“2010 was remarkable for its series of public gaffes made by CEOs and other leaders that shattered organizations, share price, job tenure, coastlines, and even religious tolerance,” says reputation, crisis, and marketing advisor Davia Temin, CEO of Temin and Company. “In 2011, we can learn from their mistakes in order to protect our own reputations.”
“Of course,” she adds, “one way to never need to protect your reputation is to live a totally invisible and blameless life – but most leaders who wish to accomplish something significant are visible, and do make mistakes. So, culled from 25 years working in the field of reputation and crisis management at the highest levels, and seeing almost every gaffe imaginable, here are my top 10 ways for leaders to protect their reputations – and their legacies – in 2011.”
- There is no such thing as privacy anymore. Act as if your every action, every email, every conversation will be observed and judged. From WikiLeaks posting tens of thousands of confidential diplomatic wires to Fabrice Tourre’s midnight emails; from Mark Hurd’s exaggerated expense accounts at HP and Tony Hayward’s exhausted plea that he wanted “his life back” to video cameras positioned on every corner and private acts caught and posted on YouTube, almost everything is discoverable today. So, begin to factor this into your every communication and action. Remember, it might all come back to haunt you, and what you have said or done might not be interpreted generously by your critics!
- If you do err, apologize. People’s anger is fueled when an organization, or an individual, minimizes or refuses to acknowledge a mistake. In fact, research has found the corollary is true as well: a heartfelt admission of a mistake can make the public look on you more kindly. Doctors are now told that their chances of being sued over medical errors are far reduced if they “‘fess up,” and apologize to their patients or their patients’ families, instead of stonewalling. One must know how to do this correctly, however. A misstep can be worse than no comment at all.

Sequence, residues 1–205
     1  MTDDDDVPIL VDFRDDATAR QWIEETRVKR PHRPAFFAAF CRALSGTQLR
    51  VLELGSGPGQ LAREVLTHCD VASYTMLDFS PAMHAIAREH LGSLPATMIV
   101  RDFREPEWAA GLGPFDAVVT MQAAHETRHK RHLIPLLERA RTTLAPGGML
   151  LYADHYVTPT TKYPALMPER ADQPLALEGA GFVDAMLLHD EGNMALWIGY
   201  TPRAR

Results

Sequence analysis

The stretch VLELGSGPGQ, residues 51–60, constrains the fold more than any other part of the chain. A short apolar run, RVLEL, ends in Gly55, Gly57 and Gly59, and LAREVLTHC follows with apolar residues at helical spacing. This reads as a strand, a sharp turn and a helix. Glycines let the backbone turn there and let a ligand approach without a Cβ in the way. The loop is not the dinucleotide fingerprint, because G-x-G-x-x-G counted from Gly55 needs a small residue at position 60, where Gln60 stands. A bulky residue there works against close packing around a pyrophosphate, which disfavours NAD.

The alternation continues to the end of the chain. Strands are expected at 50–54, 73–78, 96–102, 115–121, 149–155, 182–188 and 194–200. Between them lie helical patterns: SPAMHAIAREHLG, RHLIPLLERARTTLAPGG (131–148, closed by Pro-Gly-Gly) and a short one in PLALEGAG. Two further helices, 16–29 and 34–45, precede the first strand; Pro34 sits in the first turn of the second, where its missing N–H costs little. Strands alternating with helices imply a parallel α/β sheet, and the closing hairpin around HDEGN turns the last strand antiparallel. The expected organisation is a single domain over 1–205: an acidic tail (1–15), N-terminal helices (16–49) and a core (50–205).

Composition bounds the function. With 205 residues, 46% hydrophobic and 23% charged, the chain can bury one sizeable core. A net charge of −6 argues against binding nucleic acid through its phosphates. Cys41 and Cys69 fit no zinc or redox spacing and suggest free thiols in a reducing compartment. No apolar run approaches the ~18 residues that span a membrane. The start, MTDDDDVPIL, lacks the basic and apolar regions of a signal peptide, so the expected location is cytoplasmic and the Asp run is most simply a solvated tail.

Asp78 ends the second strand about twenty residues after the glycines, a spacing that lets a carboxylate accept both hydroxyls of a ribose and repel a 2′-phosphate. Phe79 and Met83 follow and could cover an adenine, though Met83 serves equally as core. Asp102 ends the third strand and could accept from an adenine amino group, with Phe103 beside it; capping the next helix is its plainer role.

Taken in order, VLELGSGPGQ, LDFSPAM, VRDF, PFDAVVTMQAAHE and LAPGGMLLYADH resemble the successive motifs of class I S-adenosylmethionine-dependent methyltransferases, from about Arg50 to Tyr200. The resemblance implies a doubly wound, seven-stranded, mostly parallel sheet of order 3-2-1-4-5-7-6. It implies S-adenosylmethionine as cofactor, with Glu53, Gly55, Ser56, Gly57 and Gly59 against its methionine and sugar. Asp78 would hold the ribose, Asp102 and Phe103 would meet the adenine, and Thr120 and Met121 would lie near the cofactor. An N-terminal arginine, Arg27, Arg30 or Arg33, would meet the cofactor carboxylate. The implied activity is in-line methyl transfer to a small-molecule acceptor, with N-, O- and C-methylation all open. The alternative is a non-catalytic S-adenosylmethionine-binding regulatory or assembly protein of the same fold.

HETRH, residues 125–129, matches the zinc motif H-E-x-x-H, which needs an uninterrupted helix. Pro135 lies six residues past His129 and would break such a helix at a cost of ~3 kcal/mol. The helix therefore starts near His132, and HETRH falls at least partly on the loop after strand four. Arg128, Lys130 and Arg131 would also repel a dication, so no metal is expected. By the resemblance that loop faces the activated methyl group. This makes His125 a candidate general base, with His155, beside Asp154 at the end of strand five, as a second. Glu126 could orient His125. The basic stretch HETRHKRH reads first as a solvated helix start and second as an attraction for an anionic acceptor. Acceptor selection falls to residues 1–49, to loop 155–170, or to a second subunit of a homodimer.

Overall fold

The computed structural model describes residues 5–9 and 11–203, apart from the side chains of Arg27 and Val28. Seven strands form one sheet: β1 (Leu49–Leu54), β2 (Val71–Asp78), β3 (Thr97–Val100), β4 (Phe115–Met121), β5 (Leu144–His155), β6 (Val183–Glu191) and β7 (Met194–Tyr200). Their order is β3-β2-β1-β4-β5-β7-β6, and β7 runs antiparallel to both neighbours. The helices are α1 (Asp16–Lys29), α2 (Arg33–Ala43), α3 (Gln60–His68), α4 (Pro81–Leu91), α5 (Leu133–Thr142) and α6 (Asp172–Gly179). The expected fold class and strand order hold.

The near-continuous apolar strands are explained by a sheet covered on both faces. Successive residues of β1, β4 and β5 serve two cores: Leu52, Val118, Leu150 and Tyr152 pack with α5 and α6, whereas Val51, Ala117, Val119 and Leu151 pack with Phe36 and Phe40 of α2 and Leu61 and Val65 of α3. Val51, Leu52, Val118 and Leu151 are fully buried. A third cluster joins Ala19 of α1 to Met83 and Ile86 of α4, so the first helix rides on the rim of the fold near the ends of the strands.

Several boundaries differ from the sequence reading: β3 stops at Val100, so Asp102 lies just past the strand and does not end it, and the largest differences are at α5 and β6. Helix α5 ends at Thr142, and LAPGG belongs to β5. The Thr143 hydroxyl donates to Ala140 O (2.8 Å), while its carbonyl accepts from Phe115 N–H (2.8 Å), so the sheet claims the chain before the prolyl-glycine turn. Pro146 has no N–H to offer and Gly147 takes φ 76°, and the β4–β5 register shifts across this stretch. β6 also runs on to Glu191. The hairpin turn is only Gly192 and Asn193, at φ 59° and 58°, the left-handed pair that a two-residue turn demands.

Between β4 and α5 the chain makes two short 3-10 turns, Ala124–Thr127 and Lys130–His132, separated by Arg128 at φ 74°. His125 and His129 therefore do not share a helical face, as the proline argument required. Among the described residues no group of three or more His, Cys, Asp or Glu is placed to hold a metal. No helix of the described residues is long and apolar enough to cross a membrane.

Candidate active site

- But, do not let a lie stand, if you can help it. In today’s 25/8 communications world, misconceptions travel and multiply at the speed of electrons, especially if they are fueled by competitors or enemies. In fact, more often than not, the truth means little when pitted against conventional wisdom or whipped up misperception. So, monitor what is being said about you and your organization in real time. And, if lies or misconceptions surface, fight back strategically with the truth whenever you can. Set the record straight tirelessly in person, in print, broadcast, and on the web, if you feel you are being maligned or misinterpreted. This is tough to do, but you can use the world of social media to help you rebut falsehoods, as long as you do this wisely.
- That said, you need to know when to be silent, and how to control your impulsive reactions. When you are under scurrilous, personal, “ad hominem” attacks – baseless and full of lies – it can make you crazy. But do not give in to the temptation to lash back publicly right away, or shoot from the hip. It is better to be quiet and deliberate first. Sometimes you cannot defend against the indefensible, and to protest only makes you look guilty. There are times when it is best to go radio silent until an irrational storm dies down. Then, plan your strategy for a comeback.
- When you do respond, make sure to get your messaging pitch perfect, and then stick to it…over and over and over again. Don’t be provoked into saying too much, or going off message – in certain climates that is bound to be misinterpreted. Truthfulness and transparency are crucial, but rambling, pointless, “ready, fire, aim” comments or reactions can be dangerous.